Don's work on polypowers

Don, without realizing at the time what it was called, had done work on polypowers in his worksheet book in chapter 11. He found in the following ways in Mathematica with the help of Theo Gray:

N[i^i,10]

0.20788 +0i    (which is 0.20788 ; so  i i turns out to be a real number!) can you prove that?

N[i^(i^i),10]

0.947159 +0.320764 i

N[i^i^i,10]

0.947159 +0.320764 i

N[i^(i^(i^i)),10]

0.0500922 +0.602117 i

g[x_]= i^x  (defines the function)

N[NestList[g,1,2],10]  (NestList tells the computer to iterate the function g or i^x, start with 1 in for x, do 2 iterations and write the answer to 10 digits. We get as an output i, i^i and i^i^i or  {0. +1. i, 0.20788 +0 i, 0.947159 +0.320764 i}

N[NestList[g,1,20],10] (iterate the function 20 times)
{0. +1. i,  0.20788 +0i,    0.947159 +0.320764 i,
0.0500922 +0.602117 i, 0.387166 +0.0305271 i,
0.782276 +0.544607 i,   0.142562 +0.400467 ',
0.519786 +0.118384 i,   0.568589 +0.605078 ',
0.242365 +0.301151 i,   0.578489 +0.23153 ',
0.42734 +0.548231 i,   0.330967 +0.262892 ',
0.574271 +0.328716 i,   0.369948 +0.468173 i,
0.400633 +0.26312 i,     0.534744 +0.389328 i
0.362114 +0.403964 i,   0.446697 +0.285567 i,
0.487696 +0.412175 i,   0.37717 +0.362866 i}

It doesn't look like there is a pattern here, but If we take it out 120 terms and look at the last 2

Take[N[NestList[g,1,120],10],-2]  , we get

{0.438284 +0.360593 i, 0.438282 +0.360593 i}

If we graph this sequence and connect the points, we get

ListPlot[Map[{Re[#],Im[#]}&,N[NestList[g,0+1,100]]],

PlotJoined->True,PlotRange->All,AspectRatio'Automatic]; we can see that it converges in a spiral, to about 0.438282 + 0.360593 i .

If we don't connect the points, by taking out the PlotJoined->True,

ListPlot[Map[{Re[#],Im[#]}&,N[NestList[g,0+I,100]]], PlotRange->All,

AspectRatio' Automatic,Prolog'AbsolutePointSize]; We get what looks like 3 spirals converging at the same point! The complex numbers in the sequence go from one spiral to the second spiral, then to the third spiral, then back to the first spiral, and so on as the sequence converges.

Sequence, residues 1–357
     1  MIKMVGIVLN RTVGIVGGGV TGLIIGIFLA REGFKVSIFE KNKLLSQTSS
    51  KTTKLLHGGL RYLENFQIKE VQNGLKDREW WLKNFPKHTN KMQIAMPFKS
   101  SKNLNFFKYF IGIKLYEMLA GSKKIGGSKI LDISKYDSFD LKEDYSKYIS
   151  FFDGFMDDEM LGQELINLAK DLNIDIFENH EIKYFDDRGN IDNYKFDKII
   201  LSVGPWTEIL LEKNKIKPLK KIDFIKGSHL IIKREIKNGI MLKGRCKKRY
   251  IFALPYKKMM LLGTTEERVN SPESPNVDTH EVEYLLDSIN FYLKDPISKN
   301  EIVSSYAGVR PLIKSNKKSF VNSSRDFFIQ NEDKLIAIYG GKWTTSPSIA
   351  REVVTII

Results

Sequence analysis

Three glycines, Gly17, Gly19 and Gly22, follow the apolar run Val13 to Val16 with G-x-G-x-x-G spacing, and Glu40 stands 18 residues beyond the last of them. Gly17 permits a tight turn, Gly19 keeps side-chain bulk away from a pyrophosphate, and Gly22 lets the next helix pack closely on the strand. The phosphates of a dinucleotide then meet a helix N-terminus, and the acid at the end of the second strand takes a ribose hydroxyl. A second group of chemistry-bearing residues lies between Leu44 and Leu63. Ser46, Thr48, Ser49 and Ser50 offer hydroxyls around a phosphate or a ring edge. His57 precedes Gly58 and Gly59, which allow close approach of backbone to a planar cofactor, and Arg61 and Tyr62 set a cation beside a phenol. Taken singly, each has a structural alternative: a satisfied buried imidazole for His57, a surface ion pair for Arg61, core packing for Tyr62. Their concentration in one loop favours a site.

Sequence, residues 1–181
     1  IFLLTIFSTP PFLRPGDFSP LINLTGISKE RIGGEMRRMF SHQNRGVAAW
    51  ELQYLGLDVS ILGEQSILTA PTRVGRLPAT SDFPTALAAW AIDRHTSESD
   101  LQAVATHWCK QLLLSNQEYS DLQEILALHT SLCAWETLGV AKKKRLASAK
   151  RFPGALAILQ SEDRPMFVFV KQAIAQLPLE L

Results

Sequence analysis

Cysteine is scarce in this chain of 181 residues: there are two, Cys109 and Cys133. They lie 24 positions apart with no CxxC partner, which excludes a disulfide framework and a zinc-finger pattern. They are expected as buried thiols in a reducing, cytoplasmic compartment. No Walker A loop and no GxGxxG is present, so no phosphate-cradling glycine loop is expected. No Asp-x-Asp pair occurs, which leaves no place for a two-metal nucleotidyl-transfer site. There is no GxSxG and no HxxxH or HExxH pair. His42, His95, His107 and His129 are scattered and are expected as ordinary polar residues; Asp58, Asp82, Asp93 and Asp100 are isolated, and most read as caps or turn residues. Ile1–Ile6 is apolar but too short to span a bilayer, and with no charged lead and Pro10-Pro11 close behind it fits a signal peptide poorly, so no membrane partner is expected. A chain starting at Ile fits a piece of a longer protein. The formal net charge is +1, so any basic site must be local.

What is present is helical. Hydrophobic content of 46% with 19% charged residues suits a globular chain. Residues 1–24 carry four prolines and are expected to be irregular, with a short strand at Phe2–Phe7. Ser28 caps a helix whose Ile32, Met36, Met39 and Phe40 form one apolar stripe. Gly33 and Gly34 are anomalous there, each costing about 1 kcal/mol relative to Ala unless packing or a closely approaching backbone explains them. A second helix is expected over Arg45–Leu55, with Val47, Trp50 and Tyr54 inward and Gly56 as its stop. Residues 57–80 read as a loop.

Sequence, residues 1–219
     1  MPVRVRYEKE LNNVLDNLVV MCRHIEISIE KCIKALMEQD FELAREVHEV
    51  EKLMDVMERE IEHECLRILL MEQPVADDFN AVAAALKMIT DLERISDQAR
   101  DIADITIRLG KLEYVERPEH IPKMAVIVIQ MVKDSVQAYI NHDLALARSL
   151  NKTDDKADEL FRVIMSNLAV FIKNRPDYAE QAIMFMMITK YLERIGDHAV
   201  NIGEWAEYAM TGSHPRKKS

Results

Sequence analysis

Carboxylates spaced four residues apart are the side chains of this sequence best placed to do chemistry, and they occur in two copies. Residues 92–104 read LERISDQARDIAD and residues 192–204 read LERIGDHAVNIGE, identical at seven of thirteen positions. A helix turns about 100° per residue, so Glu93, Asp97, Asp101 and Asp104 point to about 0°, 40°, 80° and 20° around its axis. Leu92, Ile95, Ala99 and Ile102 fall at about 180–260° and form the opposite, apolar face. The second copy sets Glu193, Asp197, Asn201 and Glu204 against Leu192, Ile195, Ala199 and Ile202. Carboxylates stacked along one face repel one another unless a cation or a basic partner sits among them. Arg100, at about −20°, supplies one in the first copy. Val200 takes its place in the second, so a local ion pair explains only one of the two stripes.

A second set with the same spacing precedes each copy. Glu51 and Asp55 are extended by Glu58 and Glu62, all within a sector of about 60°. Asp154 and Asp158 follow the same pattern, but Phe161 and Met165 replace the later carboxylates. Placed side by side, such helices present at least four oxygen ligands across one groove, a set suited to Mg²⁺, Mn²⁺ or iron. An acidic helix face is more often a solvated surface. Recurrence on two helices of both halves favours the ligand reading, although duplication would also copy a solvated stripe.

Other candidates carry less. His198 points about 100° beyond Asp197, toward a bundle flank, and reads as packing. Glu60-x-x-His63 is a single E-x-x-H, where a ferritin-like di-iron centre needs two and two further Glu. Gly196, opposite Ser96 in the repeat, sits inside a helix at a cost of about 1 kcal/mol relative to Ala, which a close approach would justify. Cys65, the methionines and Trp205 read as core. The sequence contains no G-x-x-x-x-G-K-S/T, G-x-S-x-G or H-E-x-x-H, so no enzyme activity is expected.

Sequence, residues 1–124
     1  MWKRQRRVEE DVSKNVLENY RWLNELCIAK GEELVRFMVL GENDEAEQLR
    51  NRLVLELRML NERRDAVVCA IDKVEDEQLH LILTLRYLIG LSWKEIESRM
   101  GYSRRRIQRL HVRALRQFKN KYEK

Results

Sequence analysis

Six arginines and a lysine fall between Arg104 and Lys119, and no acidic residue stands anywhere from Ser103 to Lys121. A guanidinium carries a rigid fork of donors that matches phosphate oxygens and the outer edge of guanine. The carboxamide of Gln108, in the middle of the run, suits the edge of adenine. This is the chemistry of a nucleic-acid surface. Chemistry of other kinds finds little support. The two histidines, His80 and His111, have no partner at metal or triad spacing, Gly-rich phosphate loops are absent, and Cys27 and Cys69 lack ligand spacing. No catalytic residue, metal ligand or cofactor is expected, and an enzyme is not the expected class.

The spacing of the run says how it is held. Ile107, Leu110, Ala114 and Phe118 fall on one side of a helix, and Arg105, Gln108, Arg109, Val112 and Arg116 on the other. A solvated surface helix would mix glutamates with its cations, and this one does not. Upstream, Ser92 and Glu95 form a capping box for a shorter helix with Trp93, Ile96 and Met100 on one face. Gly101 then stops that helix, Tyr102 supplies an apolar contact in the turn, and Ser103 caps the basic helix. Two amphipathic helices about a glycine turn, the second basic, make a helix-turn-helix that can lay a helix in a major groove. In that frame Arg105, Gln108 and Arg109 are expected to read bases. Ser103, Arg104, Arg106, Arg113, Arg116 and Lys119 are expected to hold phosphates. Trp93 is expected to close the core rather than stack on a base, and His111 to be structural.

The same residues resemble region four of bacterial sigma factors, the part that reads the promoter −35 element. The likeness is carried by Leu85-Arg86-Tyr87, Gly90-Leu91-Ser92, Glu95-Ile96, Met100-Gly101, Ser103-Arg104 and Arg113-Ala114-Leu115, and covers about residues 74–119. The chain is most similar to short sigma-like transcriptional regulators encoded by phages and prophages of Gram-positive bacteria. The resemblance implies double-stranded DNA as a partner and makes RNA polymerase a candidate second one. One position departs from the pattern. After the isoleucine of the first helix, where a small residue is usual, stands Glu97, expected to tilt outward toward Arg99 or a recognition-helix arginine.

Some time after Don put this on his website , IES, the java applet -making site in Japan found this page and asked to use this idea. They made a great java applet in which you can start with any point on the complex plane, do the powers of that point or complex number, and see whether the sequence converges or diverges, by graphing it like that above. It's in color, blue if it converges, red if not, and yellow if they don't know- and the result is a fractal!

When Geoffrey started with his polypowers, Don did the following polypowers of below

g[x_]=(1/2)^x

2-x

N[NestList[g,1/2,15],20]

{0.50000000000000000000,  0.70710678118654752440, 0.61254732653606592463, 0.65404086004206947198, 0.63549784581337376987, 0.64371864172286913077, 0.64006102117723968592, 0.64168580704299834213, 0.64096353717796321197, 0.64128450906658501514, 0.64114185147173778001, 0.64120525244986237073, 0.64117707452883861956, 0.64118959776687235711, 0.64118403197862250826, 0.64118650561396046518}

So the sequence converges to about 0.64118650561396046518... one number, while Geoffrey's converges to 2 numbers! Looking at the numbers above in radical form, Don used this command.

NestList[g,1/2,10] The second term above comes from ListPlot[N[NestList[g,1/2,15],20], PlotJoined->True,PlotRange->All]; The first 3 points on the graph above are (1, 0.5), (2, 0.707..) and (3, 0.612..) Looking at the graph we see it converges to about 0.64118650561396046518...

November 12, 2002 , Don received the following email:

"I won the mathematics and computers section of the 1968 Metropolitan Detroit Science Fair with a project titled "Infinite Exponentiation."  The core of the project was the question, "Why is the square root of two equal to the fourth root of four?

I found there were pairs of numbers from one to infinity, around a largest value, which was the  e-th root of e.  (about 1.44)

I used an IBM 1620 computer and about thirty hours of computer time to generate values.  My algebra skills were such then that I was able to prove eth root of e was the largest value of nth root of n.

Thirty years later the calculations take a few seconds in mathematica". -H. F., NYU

It's nice to know other people are interested in what we are doing!

Don plotted n^(1/n) and E^(1/E) below

Plot[{n^(1/n),E^(1/E)},{n,1,5}] Don used Derive to find the derivative of x^(1/x), then set that equal to zero to get the maximum and minimum points.

x 1/x

d   x 1/x
''            =
dx

= x(1 - 2'x)/x  '(1 - LN(x)) , this is the derivative, then Don set this = 0

x (1 - 2'x)/x  '(1 - LN(x)) = 0, then solved that equation in Derive

APPROX(SOLVE(x (1 - 2'x)/x  '(1 - LN(x)) = 0, x)), to get these answers.

x = ' ''Inf or  x = 'Inf  or x = 2.718281828...

The one value of x that made sense to Don was 2.71828.. which is E, and the y value of the function at  x = E   is 1.44...
Back to Geoffrey's work on polypowers